In the making of man in his original integrity, there was yet a greater manifestation. In other creatures there were the footsteps of God, but in man there was his image; a natural image in the very make of his soul, in the essential faculties of reason and will, upon which were derived more noble and divine prints of a Deity than upon all the world besides. And in that natural image there was seated a moral one, standing in that perfect knowledge and righteousness, in which more of the beauty and glory of God did shine forth, than in the very essence of the soul itself. His mind was a pure lamp of knowledge, without any mists or dark shades about it, his will a mirror of sanctity and rectitude without any spot in it; and, as an accession to the two former images, there was an image of God's sovereignty in him, he was made Lord over the brutal world; without, the beasts were in perfect subjection to him: and within, the affections. Now to such an excellent creature, in his primitive glory, with a reason in its just ἀκμὴ or full stature, the world was a very rare spectacle; the stamps and signatures upon the creatures looked very fresh to his pure paradisical eyes: from within and from without he was filled with illustrious rays of a Deity: he saw God everywhere: within, in the frame and divine furniture of his soul, and without, in the creatures and the impresses of goodness on them: he heard God everywhere; in his own breast in the voice of a clear unveiled reason, and abroad in the high language and dialect of nature. All was in splendour; the world shone as an outward temple, and his heart was in lustre like an oracle or inward sanctuary; everything in both spake to God's honour. Such an excellent appearance as this was worthy of a Sabbath to celebrate the praises of the Creator in. But, alas! sin soon entered, and cast a vail upon this manifestation; on the world there fell a curse, which pressed it into groans and travailing pains of vanity; the earth had its thistles, the heavens their spots and malignant influences, all was out of tune, and jarring into confusion. In man all the images of God more or less suffered; the orient reason was miserably clouded, the holy rectitude utterly lost: without, the beasts turned rebels; and within, the affections. Nevertheless God, who is unwearied in goodness, would further manifest himself. Promises of the Messiah, and of grace in him, brake forth unto lapsed man; and as appendants thereof, there came forth sacrifices and other types to be figures of heavenly things, and a kind of Astrolabe to the pious Jews, that by earthly things they might ascend unto celestial. Also the moral law was given forth by God: the spiritual tables being broken, material ones were made; holiness and righteousness being by the fall driven out of their proper place, the heart of man, were set forth in letters and words in the decalogue. This was so glorious a manifestation, that the Rabbins say that mountains of sense hang upon every iota of it. The Psalmist, in the 19th Psalm, having set forth how the sun and heavens shew forth God's glory, raises up his discourse to the perfect law, which, as it enlightens the inward man, is a brighter luminary than the sun which shines to sense; and, as it comprises all duties within itself, is a nobler circle in morality than the heavens, which environ all other bodies, are in nature. "The commandment," saith the Psalmist, "is exceeding broad," (Ps. 119:96:) it is an ocean of sanctity and equity, such as human reason, the soul and measure of civil laws, cannot search to the bottom. Love to God and our neighbour is the centre of it; and as many right lines as may be drawn thither, so many are the duties of it. Whatsoever it be that makes up the just posture of man towards his Maker or fellow-creatures, is required therein. Human laws are δίκαια κινούμενα, moveable orders, such as turn about with time; but the moral law is by its intrinsical rectitude so immortalized, that, as long as God is God, and man, it cannot be altered.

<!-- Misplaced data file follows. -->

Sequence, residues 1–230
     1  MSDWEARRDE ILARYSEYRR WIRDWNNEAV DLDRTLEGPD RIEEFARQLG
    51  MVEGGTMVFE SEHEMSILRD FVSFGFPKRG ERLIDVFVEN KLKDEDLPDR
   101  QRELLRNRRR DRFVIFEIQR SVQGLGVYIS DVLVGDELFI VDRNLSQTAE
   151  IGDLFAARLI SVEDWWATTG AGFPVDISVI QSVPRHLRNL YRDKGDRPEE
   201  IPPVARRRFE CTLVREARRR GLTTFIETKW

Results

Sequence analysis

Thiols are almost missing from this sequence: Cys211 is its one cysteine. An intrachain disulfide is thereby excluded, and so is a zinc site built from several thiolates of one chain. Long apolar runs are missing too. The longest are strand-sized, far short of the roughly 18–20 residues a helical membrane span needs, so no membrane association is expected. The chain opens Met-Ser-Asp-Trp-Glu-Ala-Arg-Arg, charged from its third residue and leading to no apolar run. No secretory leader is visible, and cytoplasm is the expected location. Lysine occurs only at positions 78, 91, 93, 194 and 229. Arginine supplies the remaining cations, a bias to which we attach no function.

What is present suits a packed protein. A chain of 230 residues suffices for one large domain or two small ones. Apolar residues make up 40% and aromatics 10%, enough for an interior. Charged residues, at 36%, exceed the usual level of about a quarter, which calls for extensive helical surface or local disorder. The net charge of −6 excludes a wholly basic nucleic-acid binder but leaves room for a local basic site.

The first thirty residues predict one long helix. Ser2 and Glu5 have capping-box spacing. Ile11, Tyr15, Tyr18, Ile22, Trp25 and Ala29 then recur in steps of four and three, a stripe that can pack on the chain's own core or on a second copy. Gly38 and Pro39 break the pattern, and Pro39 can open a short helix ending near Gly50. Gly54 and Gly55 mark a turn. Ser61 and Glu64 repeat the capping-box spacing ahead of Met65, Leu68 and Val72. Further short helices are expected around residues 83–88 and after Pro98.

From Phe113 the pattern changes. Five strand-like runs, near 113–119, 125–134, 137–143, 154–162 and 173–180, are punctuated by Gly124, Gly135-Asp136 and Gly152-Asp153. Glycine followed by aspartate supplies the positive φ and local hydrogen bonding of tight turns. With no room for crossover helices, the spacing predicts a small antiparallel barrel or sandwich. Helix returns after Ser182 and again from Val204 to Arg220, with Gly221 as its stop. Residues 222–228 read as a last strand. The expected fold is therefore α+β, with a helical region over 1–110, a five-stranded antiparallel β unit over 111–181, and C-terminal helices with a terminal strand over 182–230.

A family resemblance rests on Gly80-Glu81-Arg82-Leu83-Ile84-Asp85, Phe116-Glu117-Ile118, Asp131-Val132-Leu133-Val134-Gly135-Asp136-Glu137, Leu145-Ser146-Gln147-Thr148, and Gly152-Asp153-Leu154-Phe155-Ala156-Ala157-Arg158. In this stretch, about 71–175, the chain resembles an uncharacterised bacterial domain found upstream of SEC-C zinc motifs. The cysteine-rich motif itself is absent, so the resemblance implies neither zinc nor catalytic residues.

After all these manifestations, God revealed himself to the world in and by Jesus Christ; this is the last and greatest appearance of all. In the inferior creatures there is a footstep of God, but not his image; in man there is his image, but a finite, a created one: but Jesus Christ is the infinite uncreated image of God. The nearer any creature doth in its perfections approach to God, the more it reveals him; life shews forth more of him than mere being, sense than life, reason than all the rest: but, oh! what a spectacle hath faith, when a human nature shall be taken into the person of God, when the fulness of the Godhead shall dwell in a creature hypostatically! Here the eternal word which framed the world was made flesh; the infinite wisdom which lighted up reason in man assumed a humanity; never was God so in man, never was man so united to God, as in this wonderful dispensation; more glory breaks forth from hence, than from all the creation. We have here the centre of the promises, the substance of the types and shadows, the complement of the moral law, and holiness and righteousness, not in letters and syllables, but living, breathing, walking, practically exemplified in the human nature of Jesus Christ.